Forms of ZZ plant -thanks + a tissue culture question
- Subject: Forms of ZZ plant -thanks + a tissue culture question
- From: Adam Black <email@example.com>
- Date: Fri, 26 Oct 2007 00:20:03 -0400
I've been busy and haven't had a chance to respond, but wanted to give a
very belated thank you to all who posted on and off list to my inquiry
several weeks back about whether or not the several forms Zamioculcas
floating around were one or more species. And thanks especially to
Julius for clariflying that they are all simply one species and bringing
up the interesting fact that the "mainstream" form originated from a
spontaneous variation/mutation/freak resulting from the tissue culturing
process. Are there other tissue cultured aroids out there that are
noticably different than their wild counterparts?
My wife used to work for a biotech company doing tissue culture on
Pelargoniums, and when experimenting with various hormones
and stuff she was able to reliably create some very interesting things
that would surely be of interest to the horticultural world, yet the
artificial creation of new mutants was far from the focus of the
company's business plan and were merely byproducts that were sacrificed.
Seeing some of the Alocasias, etc that are available mainly
due to tissue culture, I wonder how many are actually noticably
different than the wild form? Have tissue cultured Amorph. titanum been
around long enough to see if there is any difference from a
seed-grown plant in respect to size, growth rate, flowering, etc? It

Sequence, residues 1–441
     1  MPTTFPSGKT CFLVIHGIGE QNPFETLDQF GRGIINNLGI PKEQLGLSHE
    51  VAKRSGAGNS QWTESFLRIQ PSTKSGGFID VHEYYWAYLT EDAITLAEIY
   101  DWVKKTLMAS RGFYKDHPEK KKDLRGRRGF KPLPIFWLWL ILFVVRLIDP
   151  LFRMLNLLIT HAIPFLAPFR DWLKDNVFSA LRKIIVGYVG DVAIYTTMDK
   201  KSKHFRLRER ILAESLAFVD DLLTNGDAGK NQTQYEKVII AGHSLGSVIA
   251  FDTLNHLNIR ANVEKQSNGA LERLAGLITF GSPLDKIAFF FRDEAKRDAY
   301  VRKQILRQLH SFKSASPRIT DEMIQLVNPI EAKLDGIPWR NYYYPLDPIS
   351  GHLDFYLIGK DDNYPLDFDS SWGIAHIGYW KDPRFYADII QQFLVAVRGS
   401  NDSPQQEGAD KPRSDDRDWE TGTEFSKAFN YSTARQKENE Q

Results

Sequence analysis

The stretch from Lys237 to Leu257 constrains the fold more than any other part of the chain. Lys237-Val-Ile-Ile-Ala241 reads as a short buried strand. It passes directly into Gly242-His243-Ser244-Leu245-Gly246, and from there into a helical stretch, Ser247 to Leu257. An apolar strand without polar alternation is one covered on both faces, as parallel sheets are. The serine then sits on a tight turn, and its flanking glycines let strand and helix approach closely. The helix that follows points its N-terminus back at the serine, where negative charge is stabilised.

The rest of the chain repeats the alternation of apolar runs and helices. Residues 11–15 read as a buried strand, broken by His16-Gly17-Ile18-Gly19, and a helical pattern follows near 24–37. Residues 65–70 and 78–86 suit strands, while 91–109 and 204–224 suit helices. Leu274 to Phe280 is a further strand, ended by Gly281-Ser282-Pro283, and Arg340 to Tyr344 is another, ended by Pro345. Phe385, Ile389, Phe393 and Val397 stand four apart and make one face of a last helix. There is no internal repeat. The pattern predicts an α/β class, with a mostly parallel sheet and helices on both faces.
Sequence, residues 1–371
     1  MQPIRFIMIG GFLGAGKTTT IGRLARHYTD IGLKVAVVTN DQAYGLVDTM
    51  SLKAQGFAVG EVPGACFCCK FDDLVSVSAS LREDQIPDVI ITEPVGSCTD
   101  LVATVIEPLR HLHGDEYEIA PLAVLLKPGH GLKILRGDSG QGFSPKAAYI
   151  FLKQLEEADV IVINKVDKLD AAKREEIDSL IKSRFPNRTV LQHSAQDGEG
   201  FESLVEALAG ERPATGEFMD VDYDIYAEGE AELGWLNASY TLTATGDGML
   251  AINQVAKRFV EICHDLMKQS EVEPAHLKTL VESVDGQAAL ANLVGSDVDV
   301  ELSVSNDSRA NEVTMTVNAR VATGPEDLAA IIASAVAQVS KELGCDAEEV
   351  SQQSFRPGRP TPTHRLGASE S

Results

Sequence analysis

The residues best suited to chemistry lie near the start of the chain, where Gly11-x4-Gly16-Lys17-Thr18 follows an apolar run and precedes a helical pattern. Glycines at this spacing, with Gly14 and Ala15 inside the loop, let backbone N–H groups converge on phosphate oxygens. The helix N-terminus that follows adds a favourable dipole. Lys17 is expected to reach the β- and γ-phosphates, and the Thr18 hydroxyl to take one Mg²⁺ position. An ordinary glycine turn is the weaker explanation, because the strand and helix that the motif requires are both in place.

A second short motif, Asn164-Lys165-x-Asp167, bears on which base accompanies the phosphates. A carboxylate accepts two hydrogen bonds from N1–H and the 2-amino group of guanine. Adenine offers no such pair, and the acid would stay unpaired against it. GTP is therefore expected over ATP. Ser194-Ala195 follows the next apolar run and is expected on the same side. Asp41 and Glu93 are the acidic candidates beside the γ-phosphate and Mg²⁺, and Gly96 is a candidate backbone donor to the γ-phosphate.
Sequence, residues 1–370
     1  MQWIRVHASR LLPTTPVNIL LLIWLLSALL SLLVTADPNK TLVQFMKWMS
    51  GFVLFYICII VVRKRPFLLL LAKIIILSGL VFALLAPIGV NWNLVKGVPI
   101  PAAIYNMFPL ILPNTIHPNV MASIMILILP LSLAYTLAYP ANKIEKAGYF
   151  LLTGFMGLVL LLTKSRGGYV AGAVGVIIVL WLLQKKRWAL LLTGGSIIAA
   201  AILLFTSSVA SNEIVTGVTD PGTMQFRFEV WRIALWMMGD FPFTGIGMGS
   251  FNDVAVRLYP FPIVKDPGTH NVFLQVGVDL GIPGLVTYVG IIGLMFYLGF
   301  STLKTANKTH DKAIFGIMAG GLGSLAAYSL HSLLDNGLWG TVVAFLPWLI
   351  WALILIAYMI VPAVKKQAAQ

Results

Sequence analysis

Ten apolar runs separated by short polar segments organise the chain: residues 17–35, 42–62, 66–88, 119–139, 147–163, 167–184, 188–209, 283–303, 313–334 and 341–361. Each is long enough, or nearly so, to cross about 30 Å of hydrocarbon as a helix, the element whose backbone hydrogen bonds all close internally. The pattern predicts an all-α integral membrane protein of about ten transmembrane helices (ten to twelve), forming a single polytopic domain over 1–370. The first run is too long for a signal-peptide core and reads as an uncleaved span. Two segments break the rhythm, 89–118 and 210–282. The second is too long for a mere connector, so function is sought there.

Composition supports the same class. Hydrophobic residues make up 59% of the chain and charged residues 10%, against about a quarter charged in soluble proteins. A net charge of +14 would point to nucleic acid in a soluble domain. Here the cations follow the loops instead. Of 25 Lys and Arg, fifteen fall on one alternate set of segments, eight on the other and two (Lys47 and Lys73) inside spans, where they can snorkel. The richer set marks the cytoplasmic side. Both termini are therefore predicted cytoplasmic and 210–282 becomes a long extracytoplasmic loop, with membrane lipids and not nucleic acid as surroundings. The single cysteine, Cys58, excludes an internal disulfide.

appears that all the micropropagated Venus' fly traps available today
seem to be dwarfed in comparison to wild flytraps.
I am in no way trying to bash the tissue culturing of plants, as I know
that some plants would probably not be around let alone available to
collectors if it weren't for this method of propagation. However, going
back to the topic of the different forms of Z. zamioculcas, I now value
my "wild form" of this species much more, knowing that the "artifical
form" will always dominate if not smother the wild type out of the
horticultural trade. It's good to know what they actually look like in
the wild, and to preserve this in cultivation. But then of course, many
species well established in cultivation (not in tissue culture) are
selections from wild plant populations with emphasised characteristics
(showiness, shape, size, fragrance, edibility, hardiness, etc) and are
also far removed from what might be considered the "typical" wild form
likely to be seen over the majority of the plant's range. Can
mutations/variations that pop up in tissue culture be considered
comparable to mutations that randomly occur in the wild - Artifically
induced freaks vs. freaks of nature.
Julius Boos wrote:
>>From : ExoticRainforest <Steve@ExoticRainforest.com>
>Reply-To : Discussion of aroids <firstname.lastname@example.org>
>Sent : Thursday, October 11, 2007 3:46 PM
>To : "Discussion of aroids" <email@example.com>
>Subject : [Aroid-l] Two species of Zamioculcas?
>Dear Adam, Steve, and all Aroidophyles,